Peter Vamplew

I am an Associate Professor in IT at Federation University (based in Ballarat, Australia). My primary research focus is on multiobjective reinforcement learning, and in recent years I have been examining how methods from that field can contribute to addressing the issue of AI alignment.

Wiki Contributions


I'm not suggesting that RL is the only, or even the best, way to develop AGI. But this is the approach being advocated by Silver et al, and given their standing in the research community, and the resources available to them at DeepMind, it would appear likely that they, and others, will probably try to develop AGI in this way.

Therefore I think it is essential that a multiobjective approach is taken for there to be any chance that this AGI will actually be aligned to our best interests. If conventional RL based on scalar reward is used then
(a) it is very difficult to specify a suitable scalar reward which accounts for all of the many factors required for alignment (so reward misspecification becomes more likely), 
(b) it is very difficult, or perhaps impossible, for the RL agent to learn the policy which represents the optimal trade-off between those factors, and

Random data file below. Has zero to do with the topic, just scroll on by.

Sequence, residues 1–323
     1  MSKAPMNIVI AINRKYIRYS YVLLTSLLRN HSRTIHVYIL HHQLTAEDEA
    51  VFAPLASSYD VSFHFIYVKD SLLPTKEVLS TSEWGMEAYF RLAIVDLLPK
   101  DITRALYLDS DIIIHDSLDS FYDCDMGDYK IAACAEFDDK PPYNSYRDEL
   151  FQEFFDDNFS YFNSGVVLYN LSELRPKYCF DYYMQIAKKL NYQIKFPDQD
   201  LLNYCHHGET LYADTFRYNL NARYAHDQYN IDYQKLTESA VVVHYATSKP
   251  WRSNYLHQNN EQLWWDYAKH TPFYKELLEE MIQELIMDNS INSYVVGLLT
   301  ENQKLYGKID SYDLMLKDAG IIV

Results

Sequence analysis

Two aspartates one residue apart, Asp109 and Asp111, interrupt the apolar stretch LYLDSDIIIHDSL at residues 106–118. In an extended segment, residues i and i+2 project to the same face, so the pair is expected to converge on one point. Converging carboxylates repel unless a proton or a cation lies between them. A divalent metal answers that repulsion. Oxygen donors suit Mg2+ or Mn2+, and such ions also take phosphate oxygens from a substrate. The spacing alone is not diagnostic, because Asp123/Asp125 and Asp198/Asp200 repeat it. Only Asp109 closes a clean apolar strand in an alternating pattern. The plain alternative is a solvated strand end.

(c) the agent will be unable to learn about rewards other than those currently provided, meaning it will lack flexibility in adapting to changes in values (our own or society's)

The multiobjective maximum expected utility (MOMEU) model is a general framework, and can be used in conjunction with other approaches to aligning AGI. For example, if we encode an ethical system as a rule-base, then the output of those rules can be used to derive one of the elements of the vector utility provided to the multi-objective agent. We also aren't constrained to a single set of ethics - we could implement many different frameworks, treat each as a separate objective, and then when the frameworks disagree, the agent would aim to find the best compromise between those objectives.

While I didn't touch on it in this post, other desirable aspects of beneficial AI (such as fairness) can also be naturally represented and implemented within a multiobjective framework.